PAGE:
: how many KWh does it take to charge a depleted battery



htcvick
09-28-2013, 09:28 PM
I have been posed the question of how many KWh of electricity does it take to charge a Volt with a depleted battery system? does any one know and does it matter whether it is 120 or 240 volts?

fishmahn
09-28-2013, 09:43 PM
Depending on year, the volt will use 10 - 10.5 kwh of the battery. With charging losses that means about 12.5-13 kwh to fully charge the battery. On the lower end if you are charging at 240 and the higher end for 120. Every battery is a little different (only by a couple % though), so it may vary slightly. There is some speculation that the 2014's have 11 kwh of available capacity, but that hasn't been confirmed by GM, so maybe the 2014 could need 13.5 kwh, but again that's just speculation.

In cold weather, if you precondition the car before leaving (i.e. use remote start to heat the cabin), some additional power (up to 5kw for about 10 min = less than 1 kwh) will be drawn to heat the cabin. This is much preferred to having the battery supply the energy, which would have to be recharged again or reduce your available range.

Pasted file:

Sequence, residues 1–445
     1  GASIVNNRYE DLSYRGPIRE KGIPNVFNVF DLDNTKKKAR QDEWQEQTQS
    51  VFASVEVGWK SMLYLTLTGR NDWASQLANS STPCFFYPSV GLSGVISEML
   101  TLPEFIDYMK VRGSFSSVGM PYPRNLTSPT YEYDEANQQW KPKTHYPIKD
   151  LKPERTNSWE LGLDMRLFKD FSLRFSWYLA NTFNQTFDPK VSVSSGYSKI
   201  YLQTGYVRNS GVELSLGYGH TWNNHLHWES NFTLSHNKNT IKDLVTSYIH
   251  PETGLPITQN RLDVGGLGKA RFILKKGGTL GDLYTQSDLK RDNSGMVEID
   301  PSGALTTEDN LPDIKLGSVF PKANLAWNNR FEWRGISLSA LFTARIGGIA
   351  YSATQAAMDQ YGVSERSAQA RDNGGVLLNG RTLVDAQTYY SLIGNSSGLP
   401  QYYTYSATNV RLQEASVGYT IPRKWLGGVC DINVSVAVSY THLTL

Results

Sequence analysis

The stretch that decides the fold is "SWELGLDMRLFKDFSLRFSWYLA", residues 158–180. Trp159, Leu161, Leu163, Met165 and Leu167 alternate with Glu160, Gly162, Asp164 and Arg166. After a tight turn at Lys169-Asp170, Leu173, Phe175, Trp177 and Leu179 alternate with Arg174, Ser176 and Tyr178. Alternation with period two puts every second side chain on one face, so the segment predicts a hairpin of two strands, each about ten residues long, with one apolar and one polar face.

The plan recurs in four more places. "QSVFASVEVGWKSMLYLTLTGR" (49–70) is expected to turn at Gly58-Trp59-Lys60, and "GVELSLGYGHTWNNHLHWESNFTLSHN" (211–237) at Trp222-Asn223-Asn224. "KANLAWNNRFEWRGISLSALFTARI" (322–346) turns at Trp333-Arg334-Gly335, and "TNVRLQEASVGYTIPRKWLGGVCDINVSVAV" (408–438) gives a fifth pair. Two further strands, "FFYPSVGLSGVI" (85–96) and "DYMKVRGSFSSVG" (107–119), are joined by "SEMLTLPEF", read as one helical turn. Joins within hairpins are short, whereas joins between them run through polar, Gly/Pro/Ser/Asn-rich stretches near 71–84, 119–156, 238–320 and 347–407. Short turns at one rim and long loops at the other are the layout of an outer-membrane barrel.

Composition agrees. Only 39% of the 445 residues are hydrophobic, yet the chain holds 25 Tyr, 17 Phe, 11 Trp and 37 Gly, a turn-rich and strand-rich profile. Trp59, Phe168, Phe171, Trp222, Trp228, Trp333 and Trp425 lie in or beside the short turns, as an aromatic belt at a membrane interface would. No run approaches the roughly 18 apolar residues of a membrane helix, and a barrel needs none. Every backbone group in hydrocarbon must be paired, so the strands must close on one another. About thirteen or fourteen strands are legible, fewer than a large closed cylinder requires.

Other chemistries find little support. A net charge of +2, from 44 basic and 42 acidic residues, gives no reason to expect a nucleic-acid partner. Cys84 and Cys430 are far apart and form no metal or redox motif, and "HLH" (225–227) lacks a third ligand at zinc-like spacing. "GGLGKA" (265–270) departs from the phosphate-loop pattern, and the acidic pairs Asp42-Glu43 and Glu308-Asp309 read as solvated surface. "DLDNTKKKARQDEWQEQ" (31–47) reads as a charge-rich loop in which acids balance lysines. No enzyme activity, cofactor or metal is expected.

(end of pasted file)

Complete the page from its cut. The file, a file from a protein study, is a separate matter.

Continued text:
Mike.

Upper5Percent
09-28-2013, 10:09 PM
I have been posed the question of how many KWh of electricity does it take to charge a Volt with a depleted battery system? does any one know and does it matter whether it is 120 or 240 volts?

http://gm-volt.com/forum/showthread.php?14348-Why-does-it-take-less-total-energy-to-fast-charge

jbfalaska
09-28-2013, 10:37 PM
11-12 kwh for mine. I drive daily. I suppose if you sit on the car for a week, you'll need more due to loss.

MrEnergyCzar
09-28-2013, 11:45 PM
I have been posed the question of how many KWh of electricity does it take to charge a Volt with a depleted battery system? does any one know and does it matter whether it is 120 or 240 volts?

You'll use about .5 KWH more using the 120v. It takes about 12.9 KWH to fully charge a depleted pack.... slightly more or less depending on the model year.

MrEnergyCzar

Cord
09-29-2013, 01:49 AM
and it is a 16 KW battery.
You did want the FULL TAX credit - right :-)

Desert Volt
09-29-2013, 03:18 AM